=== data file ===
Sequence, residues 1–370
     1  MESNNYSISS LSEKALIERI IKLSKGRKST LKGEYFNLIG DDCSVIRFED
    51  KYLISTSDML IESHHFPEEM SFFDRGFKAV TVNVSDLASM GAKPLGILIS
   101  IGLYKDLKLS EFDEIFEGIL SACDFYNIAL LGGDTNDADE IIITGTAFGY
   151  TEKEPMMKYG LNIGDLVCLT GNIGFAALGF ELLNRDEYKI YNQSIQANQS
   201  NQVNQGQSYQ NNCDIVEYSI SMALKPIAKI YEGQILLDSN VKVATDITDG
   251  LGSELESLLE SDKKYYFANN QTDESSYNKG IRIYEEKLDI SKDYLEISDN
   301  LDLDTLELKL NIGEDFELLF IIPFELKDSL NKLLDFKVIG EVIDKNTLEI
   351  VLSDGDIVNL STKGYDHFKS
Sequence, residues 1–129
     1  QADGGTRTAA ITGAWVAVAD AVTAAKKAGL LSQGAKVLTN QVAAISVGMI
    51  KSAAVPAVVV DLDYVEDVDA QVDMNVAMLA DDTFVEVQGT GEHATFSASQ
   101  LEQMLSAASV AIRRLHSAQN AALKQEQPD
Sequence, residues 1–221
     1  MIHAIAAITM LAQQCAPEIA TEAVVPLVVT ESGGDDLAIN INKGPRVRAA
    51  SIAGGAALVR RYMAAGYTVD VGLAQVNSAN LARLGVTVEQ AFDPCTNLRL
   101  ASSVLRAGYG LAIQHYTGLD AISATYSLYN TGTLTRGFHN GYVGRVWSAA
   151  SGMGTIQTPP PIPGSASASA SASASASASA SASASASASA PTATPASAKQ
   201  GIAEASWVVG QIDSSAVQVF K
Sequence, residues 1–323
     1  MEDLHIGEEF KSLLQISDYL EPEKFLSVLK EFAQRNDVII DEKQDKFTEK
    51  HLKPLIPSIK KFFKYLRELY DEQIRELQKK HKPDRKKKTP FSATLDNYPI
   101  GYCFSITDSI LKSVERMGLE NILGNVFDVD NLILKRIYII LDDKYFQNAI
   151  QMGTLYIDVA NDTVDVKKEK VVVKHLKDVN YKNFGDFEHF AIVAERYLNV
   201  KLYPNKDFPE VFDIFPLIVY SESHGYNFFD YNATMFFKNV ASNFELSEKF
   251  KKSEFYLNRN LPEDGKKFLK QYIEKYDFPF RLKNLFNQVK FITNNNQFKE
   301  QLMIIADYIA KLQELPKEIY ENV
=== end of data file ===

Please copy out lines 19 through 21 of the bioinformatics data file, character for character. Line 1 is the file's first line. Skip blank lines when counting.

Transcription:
   201  GIAEASWVVG QIDSSAVQVF K
Sequence, residues 1–323
     1  MEDLHIGEEF KSLLQISDYL EPEKFLSVLK EFAQRNDVII DEKQDKFTEK